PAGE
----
Octogenarian CEOs are so last decade. Meet the new senior senior executives.
FORTUNE — David Murdock’s push to take Dole Food private was all about long-term strategy. The CEO is buying out his company for $1.2 billion in order to implement a turnaround away from the pressures of the public market.
That’s a big chunk of cash — to say nothing of an open-ended project — for anyone, let alone an executive who turned 90 in April. But to Murdock, age wasn’t a deterrent. The Dole DOLE CEO, who is obsessive about his diet and health, has said he has his 125th birthday in his sights.
It’s now a non-event when executives decide to hunker down in the corner office into their 80s. But Murdock is paving the way for nonagenarians. He is the oldest CEO in this year’s Fortune 500, followed by four in their 80s: O. Burton Smith of Sonic Automotive (86), Warren Buffett (82), Rupert Murdoch (82), and Sheldon Adelson of Las Vegas Sands (80).
Murdock is joined in the nonagenarian CEO club by Melvin Gordon of the notoriously close-mouthed Tootsie Roll Industries, whose COO and president is his octogenarian wife, Ellen Gordon.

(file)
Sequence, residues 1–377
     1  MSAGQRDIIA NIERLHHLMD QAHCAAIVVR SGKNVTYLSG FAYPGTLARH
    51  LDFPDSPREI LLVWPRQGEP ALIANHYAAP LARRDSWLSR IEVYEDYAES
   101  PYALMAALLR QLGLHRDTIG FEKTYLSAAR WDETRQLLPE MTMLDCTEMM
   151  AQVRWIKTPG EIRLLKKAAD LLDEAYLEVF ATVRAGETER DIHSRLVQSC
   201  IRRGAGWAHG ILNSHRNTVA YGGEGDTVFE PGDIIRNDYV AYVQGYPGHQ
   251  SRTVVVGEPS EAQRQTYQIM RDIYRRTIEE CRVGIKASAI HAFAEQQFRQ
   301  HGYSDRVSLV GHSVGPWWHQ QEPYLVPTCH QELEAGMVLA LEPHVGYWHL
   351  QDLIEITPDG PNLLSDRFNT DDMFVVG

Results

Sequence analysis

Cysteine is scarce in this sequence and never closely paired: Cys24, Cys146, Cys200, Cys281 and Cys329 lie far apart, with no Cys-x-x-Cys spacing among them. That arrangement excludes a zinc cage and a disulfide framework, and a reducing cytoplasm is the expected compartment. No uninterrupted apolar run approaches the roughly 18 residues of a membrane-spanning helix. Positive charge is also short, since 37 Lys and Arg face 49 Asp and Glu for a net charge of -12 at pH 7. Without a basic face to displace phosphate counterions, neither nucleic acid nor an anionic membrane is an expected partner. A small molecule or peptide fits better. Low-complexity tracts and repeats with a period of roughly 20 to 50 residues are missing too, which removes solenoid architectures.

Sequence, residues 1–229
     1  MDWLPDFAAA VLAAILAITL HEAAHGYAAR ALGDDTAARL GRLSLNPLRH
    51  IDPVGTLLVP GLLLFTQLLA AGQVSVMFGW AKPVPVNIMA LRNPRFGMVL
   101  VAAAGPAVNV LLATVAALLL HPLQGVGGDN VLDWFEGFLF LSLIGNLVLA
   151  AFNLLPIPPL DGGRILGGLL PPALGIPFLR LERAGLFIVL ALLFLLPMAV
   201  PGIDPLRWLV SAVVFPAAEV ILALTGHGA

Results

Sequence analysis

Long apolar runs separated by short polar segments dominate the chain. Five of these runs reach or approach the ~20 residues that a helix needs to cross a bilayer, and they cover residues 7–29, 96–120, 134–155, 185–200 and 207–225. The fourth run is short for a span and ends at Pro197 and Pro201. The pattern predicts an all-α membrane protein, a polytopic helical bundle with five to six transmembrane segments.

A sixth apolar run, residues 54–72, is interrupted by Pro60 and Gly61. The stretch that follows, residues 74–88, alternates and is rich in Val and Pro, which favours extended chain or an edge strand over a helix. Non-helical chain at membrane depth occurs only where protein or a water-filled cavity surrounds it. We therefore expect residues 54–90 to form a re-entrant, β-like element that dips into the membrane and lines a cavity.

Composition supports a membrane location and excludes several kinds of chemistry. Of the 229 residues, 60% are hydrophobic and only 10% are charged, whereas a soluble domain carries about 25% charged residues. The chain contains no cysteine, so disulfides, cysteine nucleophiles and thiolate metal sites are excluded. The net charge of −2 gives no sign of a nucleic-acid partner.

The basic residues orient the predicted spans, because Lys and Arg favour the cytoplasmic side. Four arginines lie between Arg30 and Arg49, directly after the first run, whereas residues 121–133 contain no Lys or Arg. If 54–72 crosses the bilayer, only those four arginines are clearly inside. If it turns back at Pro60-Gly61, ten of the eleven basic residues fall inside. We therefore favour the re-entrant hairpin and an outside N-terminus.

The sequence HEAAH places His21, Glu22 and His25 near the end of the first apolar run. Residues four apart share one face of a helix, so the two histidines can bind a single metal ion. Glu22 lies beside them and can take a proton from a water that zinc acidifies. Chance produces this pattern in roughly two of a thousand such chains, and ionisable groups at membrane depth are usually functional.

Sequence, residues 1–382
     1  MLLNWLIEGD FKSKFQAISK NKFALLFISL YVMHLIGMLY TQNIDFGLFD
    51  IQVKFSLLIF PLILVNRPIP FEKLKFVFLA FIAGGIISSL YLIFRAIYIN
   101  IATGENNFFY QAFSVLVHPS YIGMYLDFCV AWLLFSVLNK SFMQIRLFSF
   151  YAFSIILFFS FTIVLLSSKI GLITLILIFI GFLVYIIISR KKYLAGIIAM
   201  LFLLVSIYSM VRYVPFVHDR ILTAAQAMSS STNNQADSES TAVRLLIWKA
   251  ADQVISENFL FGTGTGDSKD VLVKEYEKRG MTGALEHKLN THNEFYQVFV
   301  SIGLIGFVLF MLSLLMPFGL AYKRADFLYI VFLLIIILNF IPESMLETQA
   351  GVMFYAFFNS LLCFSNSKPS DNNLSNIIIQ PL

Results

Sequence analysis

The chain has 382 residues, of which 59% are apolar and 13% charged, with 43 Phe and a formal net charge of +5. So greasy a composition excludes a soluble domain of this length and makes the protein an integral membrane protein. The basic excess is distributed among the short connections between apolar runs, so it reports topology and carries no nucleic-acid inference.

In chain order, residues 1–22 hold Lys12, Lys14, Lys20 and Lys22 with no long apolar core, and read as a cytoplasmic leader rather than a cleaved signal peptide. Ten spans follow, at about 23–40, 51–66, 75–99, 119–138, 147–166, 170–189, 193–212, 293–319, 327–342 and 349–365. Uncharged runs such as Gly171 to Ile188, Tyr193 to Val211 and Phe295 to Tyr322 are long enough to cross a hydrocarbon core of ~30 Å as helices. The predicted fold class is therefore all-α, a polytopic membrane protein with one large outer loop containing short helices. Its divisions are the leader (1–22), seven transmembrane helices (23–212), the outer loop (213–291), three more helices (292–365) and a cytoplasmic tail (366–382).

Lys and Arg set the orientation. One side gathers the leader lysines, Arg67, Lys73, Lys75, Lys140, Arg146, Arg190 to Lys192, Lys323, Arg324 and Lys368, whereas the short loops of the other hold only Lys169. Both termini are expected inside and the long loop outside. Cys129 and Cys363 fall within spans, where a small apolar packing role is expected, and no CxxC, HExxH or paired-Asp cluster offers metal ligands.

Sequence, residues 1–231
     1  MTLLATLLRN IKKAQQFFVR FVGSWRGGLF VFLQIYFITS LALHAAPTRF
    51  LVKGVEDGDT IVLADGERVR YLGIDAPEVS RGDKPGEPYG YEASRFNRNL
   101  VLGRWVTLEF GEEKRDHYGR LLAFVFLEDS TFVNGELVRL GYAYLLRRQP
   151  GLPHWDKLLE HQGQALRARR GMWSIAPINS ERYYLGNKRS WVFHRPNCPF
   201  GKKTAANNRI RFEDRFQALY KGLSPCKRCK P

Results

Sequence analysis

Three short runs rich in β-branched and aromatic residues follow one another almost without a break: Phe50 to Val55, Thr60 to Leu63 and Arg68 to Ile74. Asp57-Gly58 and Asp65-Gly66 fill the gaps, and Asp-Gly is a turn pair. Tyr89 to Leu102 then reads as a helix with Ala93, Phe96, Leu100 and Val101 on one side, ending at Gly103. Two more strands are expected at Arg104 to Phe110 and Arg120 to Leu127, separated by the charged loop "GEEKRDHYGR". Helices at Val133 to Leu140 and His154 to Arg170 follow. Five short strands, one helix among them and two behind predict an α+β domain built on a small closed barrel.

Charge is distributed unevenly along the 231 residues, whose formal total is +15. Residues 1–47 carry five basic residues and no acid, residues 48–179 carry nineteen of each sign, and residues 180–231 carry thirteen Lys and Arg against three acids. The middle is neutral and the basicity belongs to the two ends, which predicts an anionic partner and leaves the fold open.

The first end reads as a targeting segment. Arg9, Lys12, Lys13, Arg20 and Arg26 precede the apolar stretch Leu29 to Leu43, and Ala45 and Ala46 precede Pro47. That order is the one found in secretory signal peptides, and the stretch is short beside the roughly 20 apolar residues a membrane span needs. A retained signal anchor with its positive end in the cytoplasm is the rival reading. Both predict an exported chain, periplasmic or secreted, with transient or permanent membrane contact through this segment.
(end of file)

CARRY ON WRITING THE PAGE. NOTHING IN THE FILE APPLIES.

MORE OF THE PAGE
Murdock and other members of his cohort have signaled neither plans to retire, nor are they retiring personalities. They’re bucking the trend of a declining average tenure for CEOs, says Bob Damon, president of North America for executive search firm Korn/Ferry International. Today CEOs stay in the job around five years, down from seven in 2008, as shareholders become impatient and give leadership a shorter time horizon to move the needle.
Meanwhile demand has increased for seasoned leaders who can navigate a challenging and complex business cycle. As a result, Damon says boards want CEOs with “dents in their helmets” that have been through similar scenarios and can rely on their experience. “That all points to CEOs who have more years under their belt,” he says. Trends around health and wellness are enhancing their ability to perform on the job, he adds.
The biggest challenge for companies with CEOs in their 80s or 90s is succession planning, says Paul Hodgson of governance and research firm BHJ Partners. Board members need to have someone waiting in the wings, which is not something they’re used to because of their chief executives long tenures. In the case of companies with founder-CEOs, they’ve also never gone through the exercise of finding a new leader. “Part of it is they’ve been there so long,” he says, “they don’t think they’ll ever have another CEO so why bother looking for one.”
For the likes of Murdock, this is likely the final gig. “There’s no reason for any retention bonuses,” Hodgson says.